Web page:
Definition of publish in US English:



[with object]
  • 1(of an author or company) prepare and issue (a book, journal, piece of music, or other work) for public sale.

    ‘we publish practical reference books’
    no object ‘the pressures on researchers to publish’
    • ‘I suspect all five could have been published as one book.’
    • ‘Caissa Editions also publishes books about older tournaments.’
    • ‘The author has published six books, five collections of poetry and a volume of essays.’
    • ‘Carol is also a hit in her own right and publishes music books for children.’
    • ‘The Almanac is published twice a year in two separate versions, Russian and English.’
    • ‘Kent State University Press will soon publish a book of his Cleveland landscapes.’
    • ‘This soft cover book was published at the end of last year and it is another in the suspenseful thriller genre for which Leather is so well known.’
    • ‘There are obvious marketing perks to publishing a book by a celebrity.’
    • ‘Considering the Journal is published bi-monthly, these figures are going to be hard to improve.’
    • ‘A facsimile edition of the Black Book was published by the Imperial War Museum in London in 1989.’
    • ‘All three books were published by Heinemann and sales figures for all three reached 50,000.’
    • ‘Trunk is about to publish a book of library music album covers.’
    • ‘Putnam will publish the book in hardcover in fall 2005, with a paperback edition to be published by Berkley in 2006.’
    • ‘It was, as Freedom of Information documents revealed, solely because he dared to publish this book.’
    • ‘And books are being published and reaching sales figures that would make any publisher proud.’
    • ‘Last autumn, the five women published a book on the restaurants they introduced on the Internet.’
    • ‘Monica may have lost out by not having Judith publish her book.’
    • ‘Born in 1941, the son of a lorry driver, he trained as a graphic artist before turning to music and published some books of cartoons as drawings.’
    • ‘Why would we need to publish trash books from other countries when we have so many of our own?’
    • ‘Whatever it was, he took the secret to his grave, although before his death, he published five books.’
    issue, bring out, produce, print
    View synonyms
    1. 1.1 Print (something) in a book or journal so as to make it generally known.
      ‘we pay $10 for every letter we publish’
      • ‘Even the Wall Street Journal published an editorial to remind him that he does not represent the country.’
      • ‘Citizens were not amused, letters of protest were published on bulletin boards.’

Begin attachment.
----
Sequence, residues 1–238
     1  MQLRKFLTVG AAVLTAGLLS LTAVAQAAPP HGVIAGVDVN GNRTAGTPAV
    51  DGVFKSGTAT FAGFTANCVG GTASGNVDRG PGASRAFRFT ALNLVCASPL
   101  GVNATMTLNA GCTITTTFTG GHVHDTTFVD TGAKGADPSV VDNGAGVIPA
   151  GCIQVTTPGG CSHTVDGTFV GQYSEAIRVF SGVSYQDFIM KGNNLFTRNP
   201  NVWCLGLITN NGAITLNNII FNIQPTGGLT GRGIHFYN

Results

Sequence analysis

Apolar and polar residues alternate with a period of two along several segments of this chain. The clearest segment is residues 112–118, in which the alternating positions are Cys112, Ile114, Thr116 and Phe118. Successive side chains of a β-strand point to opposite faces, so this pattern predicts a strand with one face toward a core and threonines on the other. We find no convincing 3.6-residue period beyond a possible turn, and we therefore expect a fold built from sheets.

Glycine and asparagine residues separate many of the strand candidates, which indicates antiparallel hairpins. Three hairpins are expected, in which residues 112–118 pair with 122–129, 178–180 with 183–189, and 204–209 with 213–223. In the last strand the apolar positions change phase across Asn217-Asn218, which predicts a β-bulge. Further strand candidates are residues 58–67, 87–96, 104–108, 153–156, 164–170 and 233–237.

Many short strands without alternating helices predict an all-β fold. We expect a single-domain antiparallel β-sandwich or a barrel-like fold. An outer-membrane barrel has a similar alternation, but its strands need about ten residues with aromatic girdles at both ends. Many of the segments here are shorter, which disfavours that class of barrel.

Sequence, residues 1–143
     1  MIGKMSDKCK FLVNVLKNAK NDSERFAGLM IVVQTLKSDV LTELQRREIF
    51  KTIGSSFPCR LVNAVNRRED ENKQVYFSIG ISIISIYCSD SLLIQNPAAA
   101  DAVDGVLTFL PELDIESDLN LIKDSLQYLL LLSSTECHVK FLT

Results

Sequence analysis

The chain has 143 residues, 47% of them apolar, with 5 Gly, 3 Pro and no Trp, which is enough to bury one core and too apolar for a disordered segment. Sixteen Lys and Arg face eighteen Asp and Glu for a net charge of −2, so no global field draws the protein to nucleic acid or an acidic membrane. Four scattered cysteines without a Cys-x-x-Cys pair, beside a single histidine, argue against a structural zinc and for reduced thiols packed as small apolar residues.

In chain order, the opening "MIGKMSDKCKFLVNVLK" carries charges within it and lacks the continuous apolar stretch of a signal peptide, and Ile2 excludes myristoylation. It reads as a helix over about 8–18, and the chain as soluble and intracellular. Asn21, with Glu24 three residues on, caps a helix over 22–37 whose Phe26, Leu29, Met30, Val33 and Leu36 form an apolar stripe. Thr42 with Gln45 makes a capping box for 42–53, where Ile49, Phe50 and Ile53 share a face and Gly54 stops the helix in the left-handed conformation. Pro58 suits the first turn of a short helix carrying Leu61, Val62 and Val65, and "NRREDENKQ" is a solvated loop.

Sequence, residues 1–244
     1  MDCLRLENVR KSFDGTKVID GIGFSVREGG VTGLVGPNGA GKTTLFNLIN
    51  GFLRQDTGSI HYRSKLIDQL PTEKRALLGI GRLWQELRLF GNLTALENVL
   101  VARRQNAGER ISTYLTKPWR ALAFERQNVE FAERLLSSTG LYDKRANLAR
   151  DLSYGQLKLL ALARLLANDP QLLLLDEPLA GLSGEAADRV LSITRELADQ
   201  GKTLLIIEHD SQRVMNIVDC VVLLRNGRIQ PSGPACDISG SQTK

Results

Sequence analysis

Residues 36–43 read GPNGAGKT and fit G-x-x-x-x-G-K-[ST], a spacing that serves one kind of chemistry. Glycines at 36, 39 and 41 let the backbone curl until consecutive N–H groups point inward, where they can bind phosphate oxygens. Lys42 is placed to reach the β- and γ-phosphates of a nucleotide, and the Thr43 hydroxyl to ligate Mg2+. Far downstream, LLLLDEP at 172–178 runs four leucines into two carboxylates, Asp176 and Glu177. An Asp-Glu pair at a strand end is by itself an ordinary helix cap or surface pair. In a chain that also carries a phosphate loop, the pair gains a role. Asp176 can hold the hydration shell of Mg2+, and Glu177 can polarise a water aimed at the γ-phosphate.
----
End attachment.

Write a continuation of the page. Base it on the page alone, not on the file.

• ‘Their work was recently published in Applied Physics Letter and featured in several science journals.’
      • ‘Virtually every philosophy journal has published a review of the book, and several have included detailed critical studies of aspects of it.’
      • ‘The journals publishing the revised statement have waived copyright protection, making CONSORT easily available to all readers and trialists.’
      • ‘Alves says he hopes to publish a journal article this fall detailing the 2004 findings.’
      • ‘The Register has shamed itself by printing this and should publish an immediate retraction.’
      • ‘The Journal also publishes case commentaries, clinical exemplars, and innovative strategies, which send succinct messages about patient care.’
      • ‘In print, we may publish several photos with the story.’
      • ‘In other news, Art In Motion has signed a new agreement to publish open-edition prints from the Sloan McGill Collection.’
      • ‘After the networks agreed to these demands the White House made similar efforts to stop the print media from publishing transcripts of his remarks.’
      • ‘When a print newspaper or magazine publishes a story, there is no way to change what has been displayed.’
      • ‘He said prizes were being awarded for e-mails sent and e-mails published by newspapers as letters to the editor.’
      • ‘A fiery AIGA conference presentation by the pair of them was published in Print.’
      • ‘The journals would also publish letters and articles sent in by readers, thus keeping the public actively involved in their content.’
      • ‘I discovered that some reasonably well-known names are using Lulu to print and publish collections of their photographs, either in black and white or full colour.’